Make Your PC a Media Hub
Most likely your TV is in one room and your PC is in another. What if you want to watch television while you compute, or to use your big-screen TV to watch a video that's stored on your system?
The Slingbox is a $250 device that transmits video from your cable box, satellite receiver, or DVR to your PC. Hook the box up to your video device, open the Slingbox software on your system, and control video playback as if you were sitting in front of the TV. The quality is reasonable, but not as good as your TV's. For higher-quality playback, add a TV tuner like the $90 ATI TV Wonder USB 2.0. TV tuners let you record shows to DVD or your system's hard drive for later viewing. The $110 ATI HDTV Wonder card captures over-the-air digital TV signals and records them to a hard drive in their full high-def glory.
Devices such as Acoustic Research's $350 MediaBridge and D-Link's $160 DSM-320 let you view shows recorded to your PC (along with your photos and home videos) on your big-screen TV, via your wireless network. The MediaBridge is also the first one we've seen that works with HD video: It can display 720p video on an HDTV set through a DVI or HDMI connection. If you just want to listen to music, a dedicated audio device like the $250 Squeezebox or the $150 Roku SoundBridge M500 can play back all of your digital audio on your hi-fi. If you use a Windows XP Media Center PC, an extender device like the $250 Linksys Dual-Band Wireless A/G Media Center Extender allows you to play back content the Media Center PC records elsewhere on the wireless network. This way, you can place the noisy PC in the back room and the silent extender in the living room.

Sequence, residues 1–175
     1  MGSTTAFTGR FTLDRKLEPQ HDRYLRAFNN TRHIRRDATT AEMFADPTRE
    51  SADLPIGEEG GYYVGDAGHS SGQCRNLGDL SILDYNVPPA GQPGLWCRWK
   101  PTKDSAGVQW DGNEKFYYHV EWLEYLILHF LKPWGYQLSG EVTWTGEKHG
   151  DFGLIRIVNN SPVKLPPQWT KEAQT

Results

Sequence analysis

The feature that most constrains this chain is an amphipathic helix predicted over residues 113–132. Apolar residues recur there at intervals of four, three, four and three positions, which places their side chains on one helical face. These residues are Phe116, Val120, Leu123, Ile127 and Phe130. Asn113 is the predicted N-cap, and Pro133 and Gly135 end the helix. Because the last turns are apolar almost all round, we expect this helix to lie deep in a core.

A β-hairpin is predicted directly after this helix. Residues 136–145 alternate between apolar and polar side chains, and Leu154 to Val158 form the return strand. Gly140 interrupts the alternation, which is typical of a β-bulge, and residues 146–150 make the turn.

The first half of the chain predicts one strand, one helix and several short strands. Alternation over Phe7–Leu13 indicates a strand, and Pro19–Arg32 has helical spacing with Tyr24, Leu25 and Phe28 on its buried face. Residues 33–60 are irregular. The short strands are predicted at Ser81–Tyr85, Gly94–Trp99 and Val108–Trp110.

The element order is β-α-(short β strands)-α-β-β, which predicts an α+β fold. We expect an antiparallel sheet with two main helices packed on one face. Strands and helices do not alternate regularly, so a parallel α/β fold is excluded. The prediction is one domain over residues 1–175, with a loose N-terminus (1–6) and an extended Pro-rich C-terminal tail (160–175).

If you want to make your media available across the network without involving a PC, a combination like ViewSonic's Wireless Media Gateway WMG-80 and WMA-100 Adapter will do the job: While the $349 Gateway stores the media on an 80GB hard drive, the $250 adapter connects to your TV and hi-fi to play back the media. PCs and Macs on the same wireless network can access the content, but the device can't record TV itself; another device must do that.